Meanwhile, the humanitarian crisis worsens. The young country has been abandoned by world powers, and only the humanitarian agencies have provided a measure of relief to the suffering and starving millions.   (End of report)

Perhaps the worst part of this story is, what we see is not all that unusual by African standards.  Floods, famine, disease and war always seem to be of Biblical proportions over here; so much so, that it’s not even big news anymore.  Every time war or natural disasters happen, the African nations are wholly unprepared to deal with it.   Then the Western nations are asked once again to pony up their billions, send mega-tons of food and relief workers/troops fast.  But, when no amount of aide is ever enough, when no long term improvement lasts, when the corrupt oligarchs and brutal despots keep enriching themselves with our charity and the  tragedies just keep piling up… our caring is gradually being replaced with ambivalence.   Is it any wonder? 

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1 Response to The Worst Human Crisis in the World Today

  1. Tina says:

    US Ambassador Nikki Haley chaired the UN Security Council briefing on South Sudan in April: “If you truly care for the people of South Sudan, then we must tell the South Sudanese government that we are not going to put up with this anymore. If you care about the leadership of this Security Council, we should not allow a Presidential Statement to be totally ignored. And the person that’s benefitting from the division of this Council is the South Sudanese government. So if you want them to continue to harass the people of South Sudan, if you want to continue to see starvation in South Sudan, doing nothing is exactly what you need to keep doing. But if we’re going to stop it, and if we’re really going to truly say we want to help the people of South Sudan, that’s not about dialogue. That’s not about hope. That’s not about wishes. That’s about action, and I call on this Security Council to act.”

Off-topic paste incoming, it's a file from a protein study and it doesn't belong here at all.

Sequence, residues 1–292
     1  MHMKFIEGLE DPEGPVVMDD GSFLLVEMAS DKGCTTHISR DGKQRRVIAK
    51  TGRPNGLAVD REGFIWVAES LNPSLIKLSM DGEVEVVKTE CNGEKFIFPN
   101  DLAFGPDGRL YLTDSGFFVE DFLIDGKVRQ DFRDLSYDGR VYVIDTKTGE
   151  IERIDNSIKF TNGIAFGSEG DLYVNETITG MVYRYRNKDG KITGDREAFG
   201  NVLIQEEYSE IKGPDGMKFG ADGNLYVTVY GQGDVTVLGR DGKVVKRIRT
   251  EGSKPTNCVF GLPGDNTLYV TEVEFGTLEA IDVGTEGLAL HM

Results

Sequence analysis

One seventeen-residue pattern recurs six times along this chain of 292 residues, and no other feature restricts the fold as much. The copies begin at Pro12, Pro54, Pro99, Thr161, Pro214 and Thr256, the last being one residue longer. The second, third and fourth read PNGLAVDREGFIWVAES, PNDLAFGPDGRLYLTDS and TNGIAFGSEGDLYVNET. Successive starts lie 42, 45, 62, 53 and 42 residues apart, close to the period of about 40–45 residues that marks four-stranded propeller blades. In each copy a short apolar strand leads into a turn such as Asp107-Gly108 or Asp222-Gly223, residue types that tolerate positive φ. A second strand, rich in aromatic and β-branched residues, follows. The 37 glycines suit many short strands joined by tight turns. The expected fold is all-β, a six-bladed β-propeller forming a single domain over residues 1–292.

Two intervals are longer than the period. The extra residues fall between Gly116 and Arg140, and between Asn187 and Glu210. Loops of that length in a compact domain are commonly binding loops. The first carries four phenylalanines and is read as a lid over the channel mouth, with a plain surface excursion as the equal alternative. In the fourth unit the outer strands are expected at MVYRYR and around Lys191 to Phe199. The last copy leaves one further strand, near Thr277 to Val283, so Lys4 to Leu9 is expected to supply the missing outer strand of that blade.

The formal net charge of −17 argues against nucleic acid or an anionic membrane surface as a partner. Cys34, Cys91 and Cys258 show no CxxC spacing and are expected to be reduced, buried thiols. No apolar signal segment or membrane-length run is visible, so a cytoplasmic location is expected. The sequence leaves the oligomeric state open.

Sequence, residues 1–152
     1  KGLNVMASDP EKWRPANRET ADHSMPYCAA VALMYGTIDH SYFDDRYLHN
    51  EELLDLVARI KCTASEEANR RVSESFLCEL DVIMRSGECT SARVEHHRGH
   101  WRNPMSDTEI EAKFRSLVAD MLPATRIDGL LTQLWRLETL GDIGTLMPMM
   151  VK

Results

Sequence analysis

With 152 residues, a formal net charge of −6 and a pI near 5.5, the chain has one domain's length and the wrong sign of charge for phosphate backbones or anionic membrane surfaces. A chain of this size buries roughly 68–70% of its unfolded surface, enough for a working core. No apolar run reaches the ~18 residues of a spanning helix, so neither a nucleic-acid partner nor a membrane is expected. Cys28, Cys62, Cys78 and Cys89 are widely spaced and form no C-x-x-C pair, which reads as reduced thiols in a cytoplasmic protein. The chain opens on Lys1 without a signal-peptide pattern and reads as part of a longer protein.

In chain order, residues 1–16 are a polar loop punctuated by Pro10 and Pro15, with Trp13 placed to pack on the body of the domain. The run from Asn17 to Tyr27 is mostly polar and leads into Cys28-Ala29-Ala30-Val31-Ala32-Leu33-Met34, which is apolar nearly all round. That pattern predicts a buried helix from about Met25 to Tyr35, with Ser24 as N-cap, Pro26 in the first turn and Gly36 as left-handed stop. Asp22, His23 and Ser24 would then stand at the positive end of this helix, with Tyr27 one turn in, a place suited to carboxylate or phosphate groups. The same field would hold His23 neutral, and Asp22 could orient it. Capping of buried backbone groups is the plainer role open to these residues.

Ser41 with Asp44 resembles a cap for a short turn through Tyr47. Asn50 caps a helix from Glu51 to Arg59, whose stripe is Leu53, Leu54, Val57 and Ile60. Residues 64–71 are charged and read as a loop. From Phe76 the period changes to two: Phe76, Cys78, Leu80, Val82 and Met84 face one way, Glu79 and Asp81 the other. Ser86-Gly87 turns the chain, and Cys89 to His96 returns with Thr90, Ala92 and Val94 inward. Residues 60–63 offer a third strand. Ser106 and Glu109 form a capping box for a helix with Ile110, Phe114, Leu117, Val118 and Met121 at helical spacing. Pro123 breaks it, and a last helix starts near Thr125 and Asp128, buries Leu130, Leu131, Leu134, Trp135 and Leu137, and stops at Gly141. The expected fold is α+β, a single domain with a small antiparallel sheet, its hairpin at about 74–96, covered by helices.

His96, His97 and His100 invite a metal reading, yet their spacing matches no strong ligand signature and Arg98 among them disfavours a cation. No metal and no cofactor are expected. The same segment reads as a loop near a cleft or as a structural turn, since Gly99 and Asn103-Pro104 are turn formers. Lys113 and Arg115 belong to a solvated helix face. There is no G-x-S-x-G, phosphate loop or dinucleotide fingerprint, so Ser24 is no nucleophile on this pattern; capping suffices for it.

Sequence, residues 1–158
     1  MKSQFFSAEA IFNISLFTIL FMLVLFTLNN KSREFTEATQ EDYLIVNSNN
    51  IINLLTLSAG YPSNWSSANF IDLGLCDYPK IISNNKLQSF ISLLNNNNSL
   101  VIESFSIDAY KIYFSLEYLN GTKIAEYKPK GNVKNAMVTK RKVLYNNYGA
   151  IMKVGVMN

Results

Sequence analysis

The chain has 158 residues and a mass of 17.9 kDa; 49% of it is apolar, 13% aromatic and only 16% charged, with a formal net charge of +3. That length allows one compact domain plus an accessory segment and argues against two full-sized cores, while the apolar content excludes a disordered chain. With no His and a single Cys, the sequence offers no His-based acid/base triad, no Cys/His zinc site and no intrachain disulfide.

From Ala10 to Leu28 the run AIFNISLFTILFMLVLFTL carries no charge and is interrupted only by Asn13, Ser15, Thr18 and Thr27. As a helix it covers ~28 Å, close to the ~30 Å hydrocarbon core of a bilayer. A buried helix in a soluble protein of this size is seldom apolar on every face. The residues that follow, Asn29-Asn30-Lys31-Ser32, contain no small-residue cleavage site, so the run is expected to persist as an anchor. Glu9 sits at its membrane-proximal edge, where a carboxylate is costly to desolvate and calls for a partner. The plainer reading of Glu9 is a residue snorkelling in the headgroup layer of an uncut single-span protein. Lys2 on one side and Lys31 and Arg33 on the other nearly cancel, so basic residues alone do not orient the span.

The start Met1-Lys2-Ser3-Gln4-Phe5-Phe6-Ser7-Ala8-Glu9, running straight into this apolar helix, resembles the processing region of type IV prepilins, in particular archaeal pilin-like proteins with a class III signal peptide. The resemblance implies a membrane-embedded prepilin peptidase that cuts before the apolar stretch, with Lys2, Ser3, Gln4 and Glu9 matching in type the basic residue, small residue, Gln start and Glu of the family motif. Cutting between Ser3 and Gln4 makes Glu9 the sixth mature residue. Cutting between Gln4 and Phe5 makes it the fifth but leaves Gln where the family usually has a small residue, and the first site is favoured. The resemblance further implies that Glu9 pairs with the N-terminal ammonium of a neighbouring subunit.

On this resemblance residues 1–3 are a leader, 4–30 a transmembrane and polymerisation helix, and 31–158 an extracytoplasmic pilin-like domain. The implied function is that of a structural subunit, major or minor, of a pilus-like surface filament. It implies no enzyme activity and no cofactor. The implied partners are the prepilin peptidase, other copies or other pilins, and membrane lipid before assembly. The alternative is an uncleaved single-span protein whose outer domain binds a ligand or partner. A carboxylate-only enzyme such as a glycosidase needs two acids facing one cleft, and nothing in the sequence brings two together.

See also here.

    Trump sent the government a clear message…if you want aid from the US you must stop the war. Imagine that incentive to do the right thing. “The head of the US delegation pointed out that the American people are supporting the people of South Sudan, saying they want South Sudan to succeed and be a prosperous nation.”

    Work is being done via the diplomatic back channels. I think the good news, if there is any, is that this administration will not simply throw money at the problem (and into the hands of government leaders).

    Education is key to bringing any nation, especially any nation of tribalism and war, into the civilized world. Ronald Reagan eloquently spoke to the ideals of freedom and justice, the entrepreneurial spirit that helps to drive creation of small business and improvement for the masses,and the evils, in terms of the human condition of totalitarian governments and factions. In his own way President Trump is expressing the same ideals and using American leadership to inspire, rather than impose, such ideals in others.

    No leader can stop evil, corrupt, ambitious people from making war as a means to personal power. But as Reagan demonstrated, he can inspire that desire and energy to develop in the hearts and minds of those who wish to live peacefully and prosper.

    We on the right realize that there are factions in our own country that will attempt to undermine the efforts of this president, even when his position has the chance to do some good. Therefore we will not hear much about efforts made to help these people. I don;t think that will stop the Trump administration from doing whatever it can.